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What is the role of an agile coach?

by Daniel J. Power
Editor, DSSResources.COM

The job description for an agile coach is loosely defined. According to Layton (2012), an "agile coach is someone who is experienced in implementing agile projects and can share that experience with a project team. The agile coach is responsible for providing feedback and advice to new agile project teams, and also to teams who want to perform at a higher level." An agile coach has a mentoring or coaching role and may or may not be part of a scrum or project team. The coach may be an outside expert, but he/she has worked in an agile project environment and has often successfully run agile projects. An agile coach provides objective, unbiased guidance. An agile coach teaches team members to be agile and to follow an agile process. An agile coach helps an organization embrace agile as a culture shift.

Coaching is a process that aims to improve performance. A good coach helps a person realize her/his performance and potential. A coach strives to help a person learn and understand. A coach is a guide who inspires and empowers people. Coaching is a helping relationship. A great agile coach creates relationships and builds trust, asks questions and listens, and provides feedback and helps celebrate accomplishments. A coach strives to improve performance of those who are coached and increase satisfaction while improving the effectiveness of the team and meeting client and stakeholder goals.

Kelly (2009) noted that "reports from Yahoo! suggest that coaches can make a significant contribution. In this study, Scrum teams without coaching support increased their productivity by 35 percent, while those with coach support recorded 300 percent or greater improvement." He argues "Much of the coach’s work is about changing individuals’ mindsets, mental models, and shortcuts they have built up over years."

A "scrum master" is an agile coach, but there are more specific role prescriptions. A scrum master is a facilitator for an agile development team and a team member. Scrum is a methodology that allows a team to self-organize and make changes quickly based on agile principles. The scrum master manages the process for how information is exchanged among the team members. For example, the scrum master leads the daily scrum meeting. The scrum master asks the team members three questions: 1. What did you do yesterday? 2. What will you do today? 3. Are there any impediments in your way?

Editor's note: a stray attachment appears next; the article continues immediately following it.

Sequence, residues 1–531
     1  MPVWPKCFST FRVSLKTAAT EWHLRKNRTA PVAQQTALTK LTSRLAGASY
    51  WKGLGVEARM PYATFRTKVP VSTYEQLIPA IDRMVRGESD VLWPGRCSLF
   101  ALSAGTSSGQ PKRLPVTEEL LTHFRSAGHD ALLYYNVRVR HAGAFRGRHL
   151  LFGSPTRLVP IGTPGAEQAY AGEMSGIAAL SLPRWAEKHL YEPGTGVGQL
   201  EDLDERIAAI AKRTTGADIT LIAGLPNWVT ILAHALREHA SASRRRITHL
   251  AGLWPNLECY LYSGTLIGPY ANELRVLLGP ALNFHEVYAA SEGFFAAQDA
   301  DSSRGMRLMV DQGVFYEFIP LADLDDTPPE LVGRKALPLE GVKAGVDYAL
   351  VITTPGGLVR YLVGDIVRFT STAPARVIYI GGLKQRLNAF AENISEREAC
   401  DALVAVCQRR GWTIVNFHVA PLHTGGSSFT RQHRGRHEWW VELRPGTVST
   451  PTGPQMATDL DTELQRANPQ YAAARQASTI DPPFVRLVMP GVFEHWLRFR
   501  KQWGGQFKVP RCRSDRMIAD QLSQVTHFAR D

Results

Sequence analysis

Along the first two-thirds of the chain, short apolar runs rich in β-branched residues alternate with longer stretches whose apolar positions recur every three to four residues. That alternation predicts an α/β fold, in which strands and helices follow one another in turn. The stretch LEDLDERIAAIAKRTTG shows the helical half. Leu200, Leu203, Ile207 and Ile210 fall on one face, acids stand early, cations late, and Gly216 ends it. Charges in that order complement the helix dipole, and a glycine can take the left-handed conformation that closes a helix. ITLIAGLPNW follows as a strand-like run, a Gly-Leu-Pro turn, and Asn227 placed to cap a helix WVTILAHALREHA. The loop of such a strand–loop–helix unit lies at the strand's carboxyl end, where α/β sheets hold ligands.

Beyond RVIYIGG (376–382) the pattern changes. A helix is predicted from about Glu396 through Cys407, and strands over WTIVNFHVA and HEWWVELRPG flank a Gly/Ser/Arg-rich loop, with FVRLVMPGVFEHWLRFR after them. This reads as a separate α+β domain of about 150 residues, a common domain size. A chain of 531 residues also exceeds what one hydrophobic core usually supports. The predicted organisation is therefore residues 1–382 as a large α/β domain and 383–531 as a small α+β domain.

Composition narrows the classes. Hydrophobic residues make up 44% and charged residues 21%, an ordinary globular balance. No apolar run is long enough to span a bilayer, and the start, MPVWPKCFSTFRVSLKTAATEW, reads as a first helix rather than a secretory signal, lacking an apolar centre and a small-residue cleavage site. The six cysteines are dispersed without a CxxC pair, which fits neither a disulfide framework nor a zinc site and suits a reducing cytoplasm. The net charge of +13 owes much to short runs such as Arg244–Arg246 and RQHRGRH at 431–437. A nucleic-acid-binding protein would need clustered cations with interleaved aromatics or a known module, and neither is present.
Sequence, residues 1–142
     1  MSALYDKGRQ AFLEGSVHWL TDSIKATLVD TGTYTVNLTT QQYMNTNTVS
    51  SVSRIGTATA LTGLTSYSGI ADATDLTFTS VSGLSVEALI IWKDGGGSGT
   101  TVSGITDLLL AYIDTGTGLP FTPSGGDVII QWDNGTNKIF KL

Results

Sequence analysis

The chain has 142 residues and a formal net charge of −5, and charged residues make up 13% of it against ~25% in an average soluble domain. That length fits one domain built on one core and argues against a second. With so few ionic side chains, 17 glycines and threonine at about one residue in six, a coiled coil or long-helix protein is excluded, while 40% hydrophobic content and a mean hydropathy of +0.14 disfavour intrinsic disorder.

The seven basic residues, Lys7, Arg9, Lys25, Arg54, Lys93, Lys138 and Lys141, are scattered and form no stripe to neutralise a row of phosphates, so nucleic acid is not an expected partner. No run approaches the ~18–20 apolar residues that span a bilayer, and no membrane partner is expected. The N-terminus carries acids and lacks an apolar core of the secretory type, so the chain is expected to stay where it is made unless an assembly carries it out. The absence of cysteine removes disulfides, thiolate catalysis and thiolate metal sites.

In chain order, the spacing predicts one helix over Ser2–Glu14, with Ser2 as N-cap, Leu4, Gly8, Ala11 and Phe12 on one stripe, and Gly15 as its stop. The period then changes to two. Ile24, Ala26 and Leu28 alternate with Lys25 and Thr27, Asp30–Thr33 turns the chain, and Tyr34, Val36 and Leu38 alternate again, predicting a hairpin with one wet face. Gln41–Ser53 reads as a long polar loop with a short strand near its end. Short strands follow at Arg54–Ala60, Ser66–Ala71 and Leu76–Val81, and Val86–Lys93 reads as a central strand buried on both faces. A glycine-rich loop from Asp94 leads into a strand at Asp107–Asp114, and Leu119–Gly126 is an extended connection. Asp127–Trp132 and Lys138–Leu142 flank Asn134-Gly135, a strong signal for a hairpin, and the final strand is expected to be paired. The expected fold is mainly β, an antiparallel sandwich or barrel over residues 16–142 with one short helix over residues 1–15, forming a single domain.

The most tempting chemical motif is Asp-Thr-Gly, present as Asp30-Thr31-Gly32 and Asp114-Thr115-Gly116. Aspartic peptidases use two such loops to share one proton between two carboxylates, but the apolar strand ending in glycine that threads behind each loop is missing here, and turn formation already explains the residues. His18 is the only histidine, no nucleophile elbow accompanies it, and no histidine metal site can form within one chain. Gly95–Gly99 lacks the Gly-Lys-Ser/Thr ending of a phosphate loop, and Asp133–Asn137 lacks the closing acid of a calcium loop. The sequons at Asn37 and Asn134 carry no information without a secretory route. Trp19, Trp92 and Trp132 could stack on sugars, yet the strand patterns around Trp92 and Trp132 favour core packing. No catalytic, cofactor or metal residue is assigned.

A scrum master is a process coach rather than a project or team leader. A project or team lead manages the project timeline, resources, and scope in order to meet business goals and requirements. On small teams, people in both of these roles take on other tasks to help complete a project. Each person is what is known in some sports as a utility player, a versatile person who can take on multiple roles competently and multitask.

According to White (2018) in a CIO article, "Agile coaches help train corporate teams on the agile methodology and oversee the development of agile teams to ensure effective outcomes for the organization. They are responsible for guiding teams through the implementation process and are tasked with encouraging workers and leadership to embrace the agile method." She notes that the role of Scrum Master is an entry-level role. Experience as a Scrum master provides an agile coach real-world knowledge of the agile methodology and the intricacies of agile teams. Serving as a Scrum Master on an agile team gives a person a chance to encounter real-world issues and work with agile tools and software.

Depending upon past experiences, an agile coach may mentor executive teams, business analytics teams, consulting and IT development teams, or managers and employees in general. A coach is not a trainer, rather a coach is an experienced and trusted adviser and guide. A good coach offers support and assistance to those he or she is coaching to help them implement change and achieve desired goals.

An agile coach promotes understanding and adoption of agile principles and methods and is a catalyst for positive change in an organization.

References

Kelly, A., "The Role of the Agile Coach," Agile Connection, November 3, 2009 at URL https://www.agileconnection.com/article/role-agile-coach

Layton, M., "What is an Agile Coach? Overview," Platinum Edge, July 16, 2012 at URL https://platinumedge.com/blog/what-is-an-agile-coach

White, S. K., "What is an agile coach? A valuable role for organizational change," CIO, August 8, 2018 at URL https://www.cio.com/article/3294700/agile-coach-role-defined.html

Last update: 2019-11-16 04:11
Author: Daniel Power

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